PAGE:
Is Senator Mary Landrieu Louisiana’s $300 million woman? In exchange for her cloture vote to move the healthcare bill forward, Landrieu secured big money for the state’s Medicaid program. According to Landrieu, the state needed the “fix” and “she was not going to be defensive about it.”
Whether the $300 million Medicaid payment is needed or not, it should be debated on its own merits and not inserted in an unrelated healthcare bill. It is typical of what is wrong with Washington D.C. and the reason that bills such as the healthcare plan are 2,074 pages long.
While some in Louisiana Gov. Jindal’s administration and in the media say that Landrieu should be “applauded” for her move, it will not register with most Louisiana voters. In contrast, her vote to end the Republican filibuster of the healthcare bill forward will be long remembered. Clearly the Democratic plan is not popular in Louisiana. In Landrieu’s one town hall meeting on the issue, opponents expressed their distaste for the bill and plainly outnumbered supporters. On my Ringside radio show, the vast majority of callers were firmly opposed to the bill.
In the days leading up to the vote, Landrieu’s offices across the state were inundated with calls, faxes and e-mails from opponents of the plan. The volume of calls was so large that her office’s voice mail box was full and the phones were turned off. This led many opponents of the plan to personally visit one of Landrieu’s state offices to express their disapproval. Yet, Landrieu must have extrasensory ability like the bionic woman and sensed support in the state that was inaudible to the rest of us. Like Lindsay Wagner, Mary Landrieu must have bionic hearing, very fitting for a $300 million woman.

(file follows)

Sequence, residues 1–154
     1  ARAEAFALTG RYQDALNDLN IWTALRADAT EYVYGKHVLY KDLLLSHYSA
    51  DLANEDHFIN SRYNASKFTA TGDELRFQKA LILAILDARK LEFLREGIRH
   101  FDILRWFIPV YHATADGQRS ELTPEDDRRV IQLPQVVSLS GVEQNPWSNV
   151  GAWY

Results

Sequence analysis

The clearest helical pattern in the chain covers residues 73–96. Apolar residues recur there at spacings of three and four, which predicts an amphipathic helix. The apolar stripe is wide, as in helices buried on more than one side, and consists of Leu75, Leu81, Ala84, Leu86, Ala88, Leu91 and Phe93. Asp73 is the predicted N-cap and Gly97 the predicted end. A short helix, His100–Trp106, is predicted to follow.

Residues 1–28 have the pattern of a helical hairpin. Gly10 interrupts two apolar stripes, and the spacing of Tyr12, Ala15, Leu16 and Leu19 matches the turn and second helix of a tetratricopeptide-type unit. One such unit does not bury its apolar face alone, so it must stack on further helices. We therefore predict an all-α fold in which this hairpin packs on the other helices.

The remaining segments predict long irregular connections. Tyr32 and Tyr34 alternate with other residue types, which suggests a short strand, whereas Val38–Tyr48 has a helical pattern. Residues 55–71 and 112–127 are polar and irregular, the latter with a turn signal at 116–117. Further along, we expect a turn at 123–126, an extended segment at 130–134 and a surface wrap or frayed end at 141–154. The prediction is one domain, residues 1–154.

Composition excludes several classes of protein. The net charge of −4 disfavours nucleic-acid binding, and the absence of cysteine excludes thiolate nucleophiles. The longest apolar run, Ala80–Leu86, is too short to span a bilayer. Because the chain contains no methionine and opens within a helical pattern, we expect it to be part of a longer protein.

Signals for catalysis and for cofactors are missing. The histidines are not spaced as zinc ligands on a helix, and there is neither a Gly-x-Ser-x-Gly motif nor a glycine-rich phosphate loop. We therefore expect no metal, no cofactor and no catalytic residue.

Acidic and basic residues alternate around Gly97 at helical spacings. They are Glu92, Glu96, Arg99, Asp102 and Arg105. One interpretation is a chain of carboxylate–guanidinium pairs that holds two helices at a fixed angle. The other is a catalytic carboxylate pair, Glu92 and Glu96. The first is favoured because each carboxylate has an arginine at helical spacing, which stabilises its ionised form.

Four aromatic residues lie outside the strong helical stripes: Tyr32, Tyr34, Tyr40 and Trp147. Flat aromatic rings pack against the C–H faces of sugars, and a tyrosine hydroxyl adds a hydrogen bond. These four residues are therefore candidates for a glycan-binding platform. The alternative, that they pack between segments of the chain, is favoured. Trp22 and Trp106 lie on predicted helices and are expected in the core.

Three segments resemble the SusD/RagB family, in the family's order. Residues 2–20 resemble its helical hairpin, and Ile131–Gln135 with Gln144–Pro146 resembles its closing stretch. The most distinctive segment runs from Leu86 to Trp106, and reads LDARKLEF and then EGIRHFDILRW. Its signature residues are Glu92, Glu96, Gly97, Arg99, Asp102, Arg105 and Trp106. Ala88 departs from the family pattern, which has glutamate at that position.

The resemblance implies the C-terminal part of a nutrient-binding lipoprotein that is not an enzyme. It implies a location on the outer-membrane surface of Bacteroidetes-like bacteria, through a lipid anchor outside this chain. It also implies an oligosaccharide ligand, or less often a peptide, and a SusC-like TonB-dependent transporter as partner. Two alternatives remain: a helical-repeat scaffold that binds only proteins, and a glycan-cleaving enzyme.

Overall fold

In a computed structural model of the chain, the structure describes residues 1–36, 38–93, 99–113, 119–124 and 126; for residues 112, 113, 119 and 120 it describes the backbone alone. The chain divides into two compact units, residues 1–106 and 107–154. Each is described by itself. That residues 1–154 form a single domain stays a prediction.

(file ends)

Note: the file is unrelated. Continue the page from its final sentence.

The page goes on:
Another possibility is that Landrieu was following orders from her party leaders, such as Senate Majority Leader Harry Reid (D-Nev). On the same day that she announced her vote in favor of Reid’s motion to get the bill to the Senate floor for debate, it was revealed that Landrieu will be hosting a huge fundraiser for Reid in New Orleans. It did not look good for Landrieu to announce this $4,800 per person event right after securing the $300 million Medicaid funding. Many skeptics will see this as politics as usual: a quid pro quo.
Landrieu does not have to worry about re-election for another five years, but Reid faces a tough fight next year. Reid is the liberal face of the Senate Democrats and is becoming more unpopular each day in his home state. He is associated with the radical liberal agenda of President Obama, which includes the stimulus plan and his newest outrage, the healthcare bill.
As Reid and company are pushing the bill, the American people are turning against it in droves. The latest Rasmussen poll shows only 38% of Americans support the bill while 56% oppose it. It could be one reason why Democrats are rushing to pass the bill as soon as possible, hoping that Americans might forget come election time next year.
Because of her vote, Landrieu is facing plenty of outrage in Louisiana. Some people are pushing for a recall campaign, even though it is probably unconstitutional for a U.S. Senate position. Others will protest in front of the mansion where Landrieu will be hosting her Reid fundraiser.
All of this makes for an interesting political environment for Landrieu in Louisiana. In her home state, Landrieu was re-elected last year, but voters overwhelmingly preferred John McCain for President. Louisiana is largely a conservative state and one that remains skeptical of the benefits of this healthcare plan. At least that is what my ears are telling me. I might have a different outlook, if only I possessed Mary Landrieu’s bionic hearing.